Physician understanding and application of surrogate decision-making laws in clinical practice

Amber Rose Comer, Margaret Gaffney, Cynthia L. Stone, Alexia Torke

Research output: Contribution to journalArticle

3 Scopus citations


Background: Although state surrogate laws are the most common way surrogate decision makers are identified, no studies have been conducted to determine physician understanding of these laws or how these laws are utilized during clinical practice. The purpose of this study is to better understand how surrogate decision-making laws function in practice. Methods: A cross-sectional survey of 412 physicians working in Indiana hospitals was conducted between November 2014 and January 2015 to determine physicians' knowledge of Indiana's surrogate decision-making law and physicians' approaches to hypothetical cases using the law in clinical practice. Results: Fewer than half of physicians (48%) were able to correctly identify all legally allowable surrogate decision makers. Of those physicians who knew the law, nearly all of them (98%) indicated that they would violate the law during clinical practice by allowing nonlegal surrogates such as grandchildren to make medical decisions. Conclusions: A majority of physicians endorse relying on surrogates who have strong ties to the patient but are not legally allowable in Indiana. It is possible that these decisions reflect sound ethical reasoning even though they are illegal. Due to the narrow construction of some state surrogate decision laws, physicians may be placed in the position where they must either choose to follow medical ethical principles or the law. To alleviate these issues, state surrogate decision laws need to be amended to include a broader list of surrogates, such as extended family and close friends.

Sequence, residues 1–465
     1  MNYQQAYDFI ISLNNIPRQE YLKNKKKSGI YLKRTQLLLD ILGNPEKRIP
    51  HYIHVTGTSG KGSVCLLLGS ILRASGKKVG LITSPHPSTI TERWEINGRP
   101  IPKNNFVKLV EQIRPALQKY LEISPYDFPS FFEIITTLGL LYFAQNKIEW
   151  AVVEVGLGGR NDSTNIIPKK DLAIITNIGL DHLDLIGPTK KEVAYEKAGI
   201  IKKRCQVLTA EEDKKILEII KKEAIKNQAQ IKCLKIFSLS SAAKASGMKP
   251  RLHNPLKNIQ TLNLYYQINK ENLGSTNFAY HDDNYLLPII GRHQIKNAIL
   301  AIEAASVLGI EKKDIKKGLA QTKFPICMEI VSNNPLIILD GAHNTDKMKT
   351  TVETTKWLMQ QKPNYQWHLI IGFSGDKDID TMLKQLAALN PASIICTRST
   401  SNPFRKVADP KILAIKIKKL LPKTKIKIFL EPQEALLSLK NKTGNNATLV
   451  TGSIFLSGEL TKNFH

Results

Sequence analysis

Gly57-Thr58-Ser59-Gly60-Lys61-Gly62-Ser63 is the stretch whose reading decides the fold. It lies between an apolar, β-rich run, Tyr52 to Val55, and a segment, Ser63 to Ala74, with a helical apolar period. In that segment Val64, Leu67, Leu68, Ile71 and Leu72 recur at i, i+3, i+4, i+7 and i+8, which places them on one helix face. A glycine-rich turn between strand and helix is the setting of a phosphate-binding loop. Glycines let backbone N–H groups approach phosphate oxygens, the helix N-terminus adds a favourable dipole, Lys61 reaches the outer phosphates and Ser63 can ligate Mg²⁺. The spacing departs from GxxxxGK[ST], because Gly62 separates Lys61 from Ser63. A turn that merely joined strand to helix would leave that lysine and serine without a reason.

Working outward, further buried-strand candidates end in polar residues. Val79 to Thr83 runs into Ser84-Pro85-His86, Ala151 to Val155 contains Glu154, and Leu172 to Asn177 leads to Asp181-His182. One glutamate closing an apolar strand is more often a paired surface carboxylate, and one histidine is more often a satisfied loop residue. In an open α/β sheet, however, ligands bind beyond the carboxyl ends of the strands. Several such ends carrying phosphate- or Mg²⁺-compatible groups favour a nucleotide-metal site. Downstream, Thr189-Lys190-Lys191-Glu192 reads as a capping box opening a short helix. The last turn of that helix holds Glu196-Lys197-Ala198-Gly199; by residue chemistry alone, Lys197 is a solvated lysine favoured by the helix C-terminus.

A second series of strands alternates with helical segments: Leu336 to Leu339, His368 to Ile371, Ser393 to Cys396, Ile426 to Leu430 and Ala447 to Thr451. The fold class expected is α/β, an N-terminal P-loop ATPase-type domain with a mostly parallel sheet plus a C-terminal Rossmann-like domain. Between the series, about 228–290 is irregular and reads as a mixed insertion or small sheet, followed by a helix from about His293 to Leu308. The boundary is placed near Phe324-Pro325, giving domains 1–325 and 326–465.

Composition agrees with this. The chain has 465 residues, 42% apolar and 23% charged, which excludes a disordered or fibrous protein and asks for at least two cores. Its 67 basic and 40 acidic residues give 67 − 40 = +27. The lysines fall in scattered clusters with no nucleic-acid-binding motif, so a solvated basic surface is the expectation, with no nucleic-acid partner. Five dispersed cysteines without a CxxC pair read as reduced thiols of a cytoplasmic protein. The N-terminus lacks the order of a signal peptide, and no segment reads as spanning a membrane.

Original languageEnglish (US)
Pages (from-to)198-204
Number of pages7
JournalAJOB Empirical Bioethics
Issue number3
StatePublished - Jul 3 2017


  • bioethics
  • empirical research
  • health policy
  • policy analysis

ASJC Scopus subject areas

  • Health(social science)
  • Philosophy
  • Health Policy

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